During its early days, the tracks of PCBs were only printed on the top area. However, as advancement in technology increased, the printing started appearing on the two sides. Now, plated-through holes helps in connecting the different PCB layers. Furthermore, through-holes are useful in facilitating components having wire leads.

You can find through-holes on large motherboards, which were utilized in computer towers all through the 1990s and the 2000s. Furthermore, you can also see printed circuit boards having through-hole components in old PCI cards, which were plugged to the older motherboards. You will also find similar features on graphics cards, which predate the flat-screen all-in-one devices of today.

The way compact, small, electronic gadgets and mobile devices are gaining popularity today, printed circuit boards are either designed with a few or no through-hole component. Therefore, there are few reasons why PCB designers keep making use of boards, which contain through-holes that are large, as they take up so much of the board’s space. This could have been used more efficiently with microvias.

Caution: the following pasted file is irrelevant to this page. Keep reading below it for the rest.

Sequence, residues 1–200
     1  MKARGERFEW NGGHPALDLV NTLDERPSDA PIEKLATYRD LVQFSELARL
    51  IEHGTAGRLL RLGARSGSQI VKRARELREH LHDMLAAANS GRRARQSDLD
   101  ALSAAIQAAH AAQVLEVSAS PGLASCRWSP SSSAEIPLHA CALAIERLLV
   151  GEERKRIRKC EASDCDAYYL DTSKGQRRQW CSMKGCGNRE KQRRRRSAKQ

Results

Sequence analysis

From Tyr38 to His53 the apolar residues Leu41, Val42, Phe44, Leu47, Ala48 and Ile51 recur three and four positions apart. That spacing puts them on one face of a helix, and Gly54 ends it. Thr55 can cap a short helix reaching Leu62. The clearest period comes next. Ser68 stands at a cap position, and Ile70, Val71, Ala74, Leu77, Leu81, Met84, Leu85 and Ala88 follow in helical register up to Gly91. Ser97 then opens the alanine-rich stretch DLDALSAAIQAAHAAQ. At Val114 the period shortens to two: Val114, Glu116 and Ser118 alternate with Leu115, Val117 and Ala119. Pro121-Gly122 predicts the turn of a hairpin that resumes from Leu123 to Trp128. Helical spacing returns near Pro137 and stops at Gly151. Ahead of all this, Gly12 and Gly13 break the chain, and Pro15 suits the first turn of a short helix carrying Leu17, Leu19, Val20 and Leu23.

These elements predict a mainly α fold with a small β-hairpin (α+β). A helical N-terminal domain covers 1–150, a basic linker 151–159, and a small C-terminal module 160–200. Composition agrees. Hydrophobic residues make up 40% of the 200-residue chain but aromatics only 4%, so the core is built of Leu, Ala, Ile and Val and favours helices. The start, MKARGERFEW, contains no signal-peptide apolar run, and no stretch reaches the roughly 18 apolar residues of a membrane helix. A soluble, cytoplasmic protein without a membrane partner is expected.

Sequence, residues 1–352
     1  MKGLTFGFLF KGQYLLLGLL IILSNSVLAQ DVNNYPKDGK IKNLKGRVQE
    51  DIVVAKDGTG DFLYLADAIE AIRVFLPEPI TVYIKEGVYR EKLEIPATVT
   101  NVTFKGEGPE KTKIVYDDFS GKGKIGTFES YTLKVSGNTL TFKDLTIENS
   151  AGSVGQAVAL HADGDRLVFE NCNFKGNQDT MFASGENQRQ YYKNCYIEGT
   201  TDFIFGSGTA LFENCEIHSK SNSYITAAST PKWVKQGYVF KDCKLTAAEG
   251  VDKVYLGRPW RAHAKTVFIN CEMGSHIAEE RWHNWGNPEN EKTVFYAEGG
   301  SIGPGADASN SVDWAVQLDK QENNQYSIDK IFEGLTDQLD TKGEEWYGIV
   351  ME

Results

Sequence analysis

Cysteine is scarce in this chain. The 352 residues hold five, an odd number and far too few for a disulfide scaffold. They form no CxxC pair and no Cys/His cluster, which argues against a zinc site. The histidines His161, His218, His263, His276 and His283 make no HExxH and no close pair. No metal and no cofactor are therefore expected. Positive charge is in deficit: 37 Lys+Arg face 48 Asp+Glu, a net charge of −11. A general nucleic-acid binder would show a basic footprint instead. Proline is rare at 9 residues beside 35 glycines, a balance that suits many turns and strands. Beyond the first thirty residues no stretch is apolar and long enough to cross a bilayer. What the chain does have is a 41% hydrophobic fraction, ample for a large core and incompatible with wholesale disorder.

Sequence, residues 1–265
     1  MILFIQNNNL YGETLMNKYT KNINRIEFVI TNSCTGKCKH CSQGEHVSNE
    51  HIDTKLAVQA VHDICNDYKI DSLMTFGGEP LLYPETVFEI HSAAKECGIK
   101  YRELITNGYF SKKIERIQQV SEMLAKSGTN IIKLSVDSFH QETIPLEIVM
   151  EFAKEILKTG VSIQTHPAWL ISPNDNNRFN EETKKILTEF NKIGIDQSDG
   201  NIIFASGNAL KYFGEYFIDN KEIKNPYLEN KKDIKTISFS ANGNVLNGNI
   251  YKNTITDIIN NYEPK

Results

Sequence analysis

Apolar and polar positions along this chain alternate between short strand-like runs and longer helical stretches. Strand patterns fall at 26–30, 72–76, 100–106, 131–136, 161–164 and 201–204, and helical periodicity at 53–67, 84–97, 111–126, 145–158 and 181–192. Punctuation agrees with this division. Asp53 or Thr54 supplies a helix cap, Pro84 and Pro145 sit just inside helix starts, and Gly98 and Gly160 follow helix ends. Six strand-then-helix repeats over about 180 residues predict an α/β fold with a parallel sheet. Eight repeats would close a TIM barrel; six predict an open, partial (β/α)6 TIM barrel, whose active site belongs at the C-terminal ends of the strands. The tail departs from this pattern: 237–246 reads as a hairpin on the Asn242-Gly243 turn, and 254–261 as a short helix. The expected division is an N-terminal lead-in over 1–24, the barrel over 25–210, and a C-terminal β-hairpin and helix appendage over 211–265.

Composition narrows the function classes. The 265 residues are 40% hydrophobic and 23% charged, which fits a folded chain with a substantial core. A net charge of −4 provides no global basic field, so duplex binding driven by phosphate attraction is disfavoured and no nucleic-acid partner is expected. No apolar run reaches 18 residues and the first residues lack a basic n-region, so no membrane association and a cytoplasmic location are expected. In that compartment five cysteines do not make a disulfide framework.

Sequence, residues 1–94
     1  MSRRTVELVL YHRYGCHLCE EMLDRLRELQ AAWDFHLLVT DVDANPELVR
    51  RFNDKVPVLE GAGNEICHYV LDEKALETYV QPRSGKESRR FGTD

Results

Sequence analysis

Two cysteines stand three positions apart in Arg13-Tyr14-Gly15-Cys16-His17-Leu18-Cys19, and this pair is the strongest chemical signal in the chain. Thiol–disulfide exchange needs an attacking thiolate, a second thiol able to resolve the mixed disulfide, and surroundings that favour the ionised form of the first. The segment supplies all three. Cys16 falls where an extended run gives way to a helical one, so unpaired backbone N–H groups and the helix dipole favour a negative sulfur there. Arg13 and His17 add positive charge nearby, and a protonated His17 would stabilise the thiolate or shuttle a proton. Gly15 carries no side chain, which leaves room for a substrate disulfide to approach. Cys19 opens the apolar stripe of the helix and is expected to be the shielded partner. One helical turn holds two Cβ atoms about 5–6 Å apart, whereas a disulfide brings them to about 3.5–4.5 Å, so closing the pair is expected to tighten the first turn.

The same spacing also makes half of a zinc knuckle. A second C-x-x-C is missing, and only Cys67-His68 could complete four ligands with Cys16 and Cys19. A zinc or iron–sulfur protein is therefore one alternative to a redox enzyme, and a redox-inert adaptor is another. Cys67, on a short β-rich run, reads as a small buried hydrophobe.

The fact is, for designers to ensure their boards remain small, they must make sure that surface mounts and microvias are used more frequently. As this trend continues, in years to come, through-holes may likely be discontinued.

Via in pad

This type of via involves applying vias on ball grid array pads. Via in pad involves placing vias on the BGA pads of the circuit board. This design is popularly applied since it reduces the required space for vias. Therefore, via in pad enables PCB manufacturers to design smaller PCBs that need less space for signals routing.